Let's get into the spirit a little bit this year with some Halloween themed posts! I'll kick it off with some CSS selectors FROM BEYOND THE GRAVE. Er. CSS selectors that will CHILL YOU TO THE BONE. OK maybe not, but they will be at least kinda weird.
Variables are one of the major reasons CSS preprocessors exist at all. The ability to set a variable for something like a color, use that variable throughout the CSS you write, and know that it will be consistent, DRY, and easy to change is useful. You can use native CSS variables ("CSS Custom Properties") for the same reasons. But there are also some important differences that should be made clear.
The term "responsive images" has come to mean "responsive images in HTML", in other words, the
sizes attribute for
<img /> and the
<picture></picture> element. But how do the capabilities that these things provide map to CSS?
I cannot tell if you AMP will shake out to have been a good or bad idea for the web.
I can attempt to answer this question though: those sites don't care where you read them. They just want people to read them. Read them. Like them. Trust them. So when they have something to sell (in any sense of the word), they sell it. Losing that attention is more scary than losing direct traffic to one place it publishes. Without saying it in so many words, AMP is saying: you stand to lose that attention without this.
And of course it's not just AMP, there are loads of off-site places you can publish to. So many that I think publishers are saying: "whatever, just make it easy, and we'll blast our content wherever you want."
Stu Cox explains that there are a ton of ways you might think you can get a yes-or-no answer on whether a browser supports touch or not:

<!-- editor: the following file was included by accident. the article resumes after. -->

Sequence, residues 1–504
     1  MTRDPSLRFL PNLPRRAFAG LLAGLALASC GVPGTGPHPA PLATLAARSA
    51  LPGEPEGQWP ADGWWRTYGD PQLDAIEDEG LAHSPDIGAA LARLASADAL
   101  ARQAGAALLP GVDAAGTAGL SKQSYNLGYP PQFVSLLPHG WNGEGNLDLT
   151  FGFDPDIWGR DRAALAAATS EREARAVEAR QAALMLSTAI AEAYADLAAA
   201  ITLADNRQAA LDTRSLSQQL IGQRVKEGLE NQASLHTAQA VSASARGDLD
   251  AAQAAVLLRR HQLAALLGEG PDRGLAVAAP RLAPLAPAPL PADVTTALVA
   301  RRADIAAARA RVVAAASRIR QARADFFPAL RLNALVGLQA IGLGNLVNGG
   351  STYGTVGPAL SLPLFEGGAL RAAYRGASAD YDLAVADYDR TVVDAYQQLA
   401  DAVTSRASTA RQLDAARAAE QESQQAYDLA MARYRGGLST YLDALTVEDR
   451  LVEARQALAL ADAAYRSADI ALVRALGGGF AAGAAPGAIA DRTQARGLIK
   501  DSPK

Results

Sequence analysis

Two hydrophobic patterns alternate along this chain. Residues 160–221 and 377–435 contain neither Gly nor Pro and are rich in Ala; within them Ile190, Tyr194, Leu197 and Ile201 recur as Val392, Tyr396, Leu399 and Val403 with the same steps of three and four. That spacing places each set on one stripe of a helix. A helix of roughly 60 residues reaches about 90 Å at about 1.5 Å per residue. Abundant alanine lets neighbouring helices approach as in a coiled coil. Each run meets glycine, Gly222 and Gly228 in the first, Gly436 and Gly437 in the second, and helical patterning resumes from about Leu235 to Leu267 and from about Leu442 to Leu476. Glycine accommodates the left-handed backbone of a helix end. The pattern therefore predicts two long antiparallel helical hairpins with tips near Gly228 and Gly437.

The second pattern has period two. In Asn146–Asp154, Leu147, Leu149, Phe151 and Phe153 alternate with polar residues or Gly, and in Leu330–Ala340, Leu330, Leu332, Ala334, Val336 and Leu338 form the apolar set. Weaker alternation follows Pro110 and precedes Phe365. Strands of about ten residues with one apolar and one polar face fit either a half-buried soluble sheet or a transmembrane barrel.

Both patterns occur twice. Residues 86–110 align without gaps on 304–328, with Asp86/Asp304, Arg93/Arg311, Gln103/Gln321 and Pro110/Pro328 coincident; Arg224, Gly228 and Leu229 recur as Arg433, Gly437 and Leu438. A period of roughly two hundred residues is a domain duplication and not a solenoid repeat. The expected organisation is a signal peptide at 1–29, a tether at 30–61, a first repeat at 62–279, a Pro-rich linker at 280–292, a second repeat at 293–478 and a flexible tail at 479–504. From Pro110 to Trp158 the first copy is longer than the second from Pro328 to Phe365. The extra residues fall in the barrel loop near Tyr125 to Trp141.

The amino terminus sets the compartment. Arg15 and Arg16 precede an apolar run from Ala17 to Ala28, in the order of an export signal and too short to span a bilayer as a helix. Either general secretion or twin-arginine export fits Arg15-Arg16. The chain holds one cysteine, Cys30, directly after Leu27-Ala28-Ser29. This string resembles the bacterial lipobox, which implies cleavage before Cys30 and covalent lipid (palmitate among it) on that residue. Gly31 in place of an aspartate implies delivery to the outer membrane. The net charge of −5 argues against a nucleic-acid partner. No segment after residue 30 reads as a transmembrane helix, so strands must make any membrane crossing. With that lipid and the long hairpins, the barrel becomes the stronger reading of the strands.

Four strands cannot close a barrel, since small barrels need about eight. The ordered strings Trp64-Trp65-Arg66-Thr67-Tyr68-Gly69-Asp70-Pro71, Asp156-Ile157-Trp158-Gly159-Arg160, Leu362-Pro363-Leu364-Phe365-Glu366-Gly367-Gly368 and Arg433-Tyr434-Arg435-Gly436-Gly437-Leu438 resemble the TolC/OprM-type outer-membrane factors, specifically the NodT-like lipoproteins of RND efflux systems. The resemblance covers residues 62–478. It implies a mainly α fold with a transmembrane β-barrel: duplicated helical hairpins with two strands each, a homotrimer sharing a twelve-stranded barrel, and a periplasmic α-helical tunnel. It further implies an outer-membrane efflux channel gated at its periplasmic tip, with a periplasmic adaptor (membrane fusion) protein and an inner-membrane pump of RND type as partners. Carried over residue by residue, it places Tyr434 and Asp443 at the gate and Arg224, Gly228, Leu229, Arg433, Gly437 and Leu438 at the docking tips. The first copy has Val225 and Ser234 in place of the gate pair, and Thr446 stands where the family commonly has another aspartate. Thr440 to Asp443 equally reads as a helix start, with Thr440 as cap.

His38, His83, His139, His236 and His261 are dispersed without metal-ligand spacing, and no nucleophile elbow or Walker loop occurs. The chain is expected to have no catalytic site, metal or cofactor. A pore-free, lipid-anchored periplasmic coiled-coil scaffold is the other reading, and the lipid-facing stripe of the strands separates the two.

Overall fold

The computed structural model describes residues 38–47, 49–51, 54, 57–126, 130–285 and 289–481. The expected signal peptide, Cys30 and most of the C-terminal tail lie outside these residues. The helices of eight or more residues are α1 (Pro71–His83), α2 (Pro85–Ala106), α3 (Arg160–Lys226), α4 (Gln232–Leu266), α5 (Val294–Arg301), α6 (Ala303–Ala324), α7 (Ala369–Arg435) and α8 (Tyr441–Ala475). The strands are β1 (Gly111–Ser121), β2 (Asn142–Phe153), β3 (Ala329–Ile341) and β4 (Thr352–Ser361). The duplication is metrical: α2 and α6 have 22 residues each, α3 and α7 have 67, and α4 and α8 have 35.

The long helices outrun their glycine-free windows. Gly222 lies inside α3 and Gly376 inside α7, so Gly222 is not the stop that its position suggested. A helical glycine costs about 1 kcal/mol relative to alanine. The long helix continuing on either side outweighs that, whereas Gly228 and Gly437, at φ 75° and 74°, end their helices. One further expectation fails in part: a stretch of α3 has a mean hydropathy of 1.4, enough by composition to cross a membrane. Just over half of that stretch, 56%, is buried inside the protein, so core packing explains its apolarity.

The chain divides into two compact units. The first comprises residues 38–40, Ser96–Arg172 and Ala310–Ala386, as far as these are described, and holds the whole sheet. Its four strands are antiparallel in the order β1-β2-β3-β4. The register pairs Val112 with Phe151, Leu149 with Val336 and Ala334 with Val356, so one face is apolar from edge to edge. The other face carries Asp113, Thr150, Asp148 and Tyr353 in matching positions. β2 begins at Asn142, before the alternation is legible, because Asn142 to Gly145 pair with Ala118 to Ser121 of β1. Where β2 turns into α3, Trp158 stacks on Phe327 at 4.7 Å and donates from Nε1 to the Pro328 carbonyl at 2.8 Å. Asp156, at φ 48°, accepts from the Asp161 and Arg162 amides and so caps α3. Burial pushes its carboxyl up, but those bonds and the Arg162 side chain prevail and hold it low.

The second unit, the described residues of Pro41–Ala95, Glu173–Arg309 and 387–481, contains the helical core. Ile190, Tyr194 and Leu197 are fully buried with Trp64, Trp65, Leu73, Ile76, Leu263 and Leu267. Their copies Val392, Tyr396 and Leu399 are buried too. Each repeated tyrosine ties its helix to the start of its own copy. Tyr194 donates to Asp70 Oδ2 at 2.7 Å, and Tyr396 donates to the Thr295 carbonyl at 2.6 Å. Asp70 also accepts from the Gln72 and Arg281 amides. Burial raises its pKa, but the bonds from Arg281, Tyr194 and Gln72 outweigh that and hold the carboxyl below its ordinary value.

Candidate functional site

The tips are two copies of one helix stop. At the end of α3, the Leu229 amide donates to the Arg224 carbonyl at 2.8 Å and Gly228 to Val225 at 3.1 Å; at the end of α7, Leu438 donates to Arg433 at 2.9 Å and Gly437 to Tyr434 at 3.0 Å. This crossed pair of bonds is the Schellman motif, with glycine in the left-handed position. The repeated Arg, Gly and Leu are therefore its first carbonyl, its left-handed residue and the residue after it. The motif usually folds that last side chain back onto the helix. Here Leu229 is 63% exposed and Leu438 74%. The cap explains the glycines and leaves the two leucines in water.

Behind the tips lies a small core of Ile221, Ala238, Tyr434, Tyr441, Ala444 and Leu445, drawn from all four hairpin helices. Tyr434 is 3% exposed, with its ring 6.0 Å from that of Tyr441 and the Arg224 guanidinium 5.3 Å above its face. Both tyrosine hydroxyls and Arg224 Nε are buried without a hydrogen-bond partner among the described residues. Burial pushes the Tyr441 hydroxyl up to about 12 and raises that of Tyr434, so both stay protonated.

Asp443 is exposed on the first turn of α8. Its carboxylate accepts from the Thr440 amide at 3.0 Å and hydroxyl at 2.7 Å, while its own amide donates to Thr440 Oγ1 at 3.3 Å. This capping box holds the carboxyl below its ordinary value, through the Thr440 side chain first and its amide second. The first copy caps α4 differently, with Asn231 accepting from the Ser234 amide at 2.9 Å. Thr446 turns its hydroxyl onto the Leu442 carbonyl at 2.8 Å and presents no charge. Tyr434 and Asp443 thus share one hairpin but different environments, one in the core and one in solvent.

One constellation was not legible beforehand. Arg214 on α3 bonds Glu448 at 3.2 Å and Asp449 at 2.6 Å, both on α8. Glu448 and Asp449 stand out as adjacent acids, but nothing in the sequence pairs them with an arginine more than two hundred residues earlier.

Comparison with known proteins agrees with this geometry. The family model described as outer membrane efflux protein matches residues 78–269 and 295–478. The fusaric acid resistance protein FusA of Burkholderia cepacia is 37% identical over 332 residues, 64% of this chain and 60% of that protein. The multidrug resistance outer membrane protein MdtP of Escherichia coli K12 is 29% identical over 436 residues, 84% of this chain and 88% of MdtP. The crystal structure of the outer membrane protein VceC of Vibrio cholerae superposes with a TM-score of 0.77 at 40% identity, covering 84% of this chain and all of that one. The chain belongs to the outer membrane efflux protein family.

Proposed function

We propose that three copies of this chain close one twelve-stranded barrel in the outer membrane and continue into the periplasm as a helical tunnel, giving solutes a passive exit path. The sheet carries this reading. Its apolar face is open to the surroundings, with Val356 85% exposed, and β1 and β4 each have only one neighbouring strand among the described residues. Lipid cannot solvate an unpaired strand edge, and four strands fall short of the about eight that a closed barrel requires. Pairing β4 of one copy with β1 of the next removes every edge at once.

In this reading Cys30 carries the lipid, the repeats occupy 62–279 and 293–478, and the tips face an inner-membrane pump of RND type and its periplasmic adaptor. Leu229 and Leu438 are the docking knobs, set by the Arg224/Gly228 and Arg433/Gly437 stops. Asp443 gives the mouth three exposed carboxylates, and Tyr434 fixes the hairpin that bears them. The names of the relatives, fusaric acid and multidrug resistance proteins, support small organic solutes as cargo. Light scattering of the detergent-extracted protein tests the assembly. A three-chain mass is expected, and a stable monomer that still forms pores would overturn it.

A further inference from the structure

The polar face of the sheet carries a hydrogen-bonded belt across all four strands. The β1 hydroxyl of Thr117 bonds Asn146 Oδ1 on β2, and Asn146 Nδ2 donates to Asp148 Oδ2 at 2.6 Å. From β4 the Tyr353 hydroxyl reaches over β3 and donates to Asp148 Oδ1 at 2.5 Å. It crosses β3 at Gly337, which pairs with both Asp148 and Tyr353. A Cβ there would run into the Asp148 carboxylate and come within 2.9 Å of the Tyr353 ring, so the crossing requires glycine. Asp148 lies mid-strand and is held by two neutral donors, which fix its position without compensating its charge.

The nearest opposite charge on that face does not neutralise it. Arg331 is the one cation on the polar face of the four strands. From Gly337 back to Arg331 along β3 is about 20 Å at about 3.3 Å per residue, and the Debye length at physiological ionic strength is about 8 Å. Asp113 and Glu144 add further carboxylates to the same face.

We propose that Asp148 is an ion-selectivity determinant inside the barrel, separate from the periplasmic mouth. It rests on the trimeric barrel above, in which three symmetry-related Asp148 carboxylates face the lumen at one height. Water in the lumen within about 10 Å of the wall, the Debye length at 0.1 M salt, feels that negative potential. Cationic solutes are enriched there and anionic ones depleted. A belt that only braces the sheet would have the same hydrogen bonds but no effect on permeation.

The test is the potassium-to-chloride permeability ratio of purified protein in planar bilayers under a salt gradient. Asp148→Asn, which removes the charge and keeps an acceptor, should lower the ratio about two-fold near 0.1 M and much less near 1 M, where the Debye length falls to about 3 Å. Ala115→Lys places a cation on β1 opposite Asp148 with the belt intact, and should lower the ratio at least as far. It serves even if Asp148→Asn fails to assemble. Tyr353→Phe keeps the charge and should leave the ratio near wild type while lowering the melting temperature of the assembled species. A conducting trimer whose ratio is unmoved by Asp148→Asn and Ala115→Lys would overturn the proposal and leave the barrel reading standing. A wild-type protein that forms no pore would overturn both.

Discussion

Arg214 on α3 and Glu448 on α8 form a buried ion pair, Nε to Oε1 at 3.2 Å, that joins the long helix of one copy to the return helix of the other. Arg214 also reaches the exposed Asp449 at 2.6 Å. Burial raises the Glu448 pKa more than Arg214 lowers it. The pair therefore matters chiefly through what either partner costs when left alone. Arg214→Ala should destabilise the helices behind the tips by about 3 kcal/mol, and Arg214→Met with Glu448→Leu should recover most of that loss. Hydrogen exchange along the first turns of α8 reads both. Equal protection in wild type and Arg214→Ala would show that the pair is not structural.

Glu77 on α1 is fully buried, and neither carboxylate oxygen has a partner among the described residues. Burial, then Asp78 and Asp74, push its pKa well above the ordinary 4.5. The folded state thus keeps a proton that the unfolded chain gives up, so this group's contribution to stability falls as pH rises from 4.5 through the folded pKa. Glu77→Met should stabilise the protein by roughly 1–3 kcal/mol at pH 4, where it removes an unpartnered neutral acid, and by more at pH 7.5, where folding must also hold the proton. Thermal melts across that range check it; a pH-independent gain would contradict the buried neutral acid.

- Width media queries
- Touch-related DOM events
- Touch-related APIs
- Pointer media queries
The normal refrain around this is "there are devices that are both, so you'd be wrong on those," which is true, but it's actually more problematic than that. These testing methods are often just straight up wrong.
For layouts, assume everyone has a touchscreen. Mouse users can use large UI controls much more easily than touch users can use small ones. The same goes for hover states.
For events and interactions, assume anyone may have a touchscreen. Implement keyboard, mouse and touch interactions alongside each other, ensuring none block each other.
I was talking to a brilliant engineer friend the other day who mentioned they never get to build anything from the ground up. Their entire career has consisted of maintaining other people's (often quite poor) code.
In a perfect world, we'd all get to write code from scratch, it would work perfectly, and we would put it into a bin in the sky, never to be looked at by anyone again.
We all know that's not how it works. Code need to be maintained.
Something that has been on my mind lately is how we talk about the deliverables we work on as designers and developers. There are plenty of times when we want feedback on our projects and turn to our friends, co-workers, colleagues, Twitter, and all kinds of other people for their honest opinions about the quality of our work.
But this can be problematic. The feedback we get is often not what we hoped for. In some cases, it can feel personal, which is almost never what we hope for.
Managing the way we seek, request, and respond to feedback can have major implications on the end result of our work. This post will cover some tips and tricks for having those dialogues.
I also can't wait to see what the future of it will be:
Automattic’s React-based Calypso rewrite of the WordPress admin is a clear sign that at least the leaders of the community are trying to reimagine what a WordPress born in 2016 would look like. Eventually? Soon?
Another month, another collection of fascinating websites! Here’s a few that have caught our attention lately.
I should point out: this screencast barely scratched the surface of what Pattern Lab offers. It's not a comprehensive overview. Brian said a recent 8 hour workshop couldn't even cover it all. The topics covered in this screencast are:
- What is Pattern Lab?
- Why would I use it?
- Getting it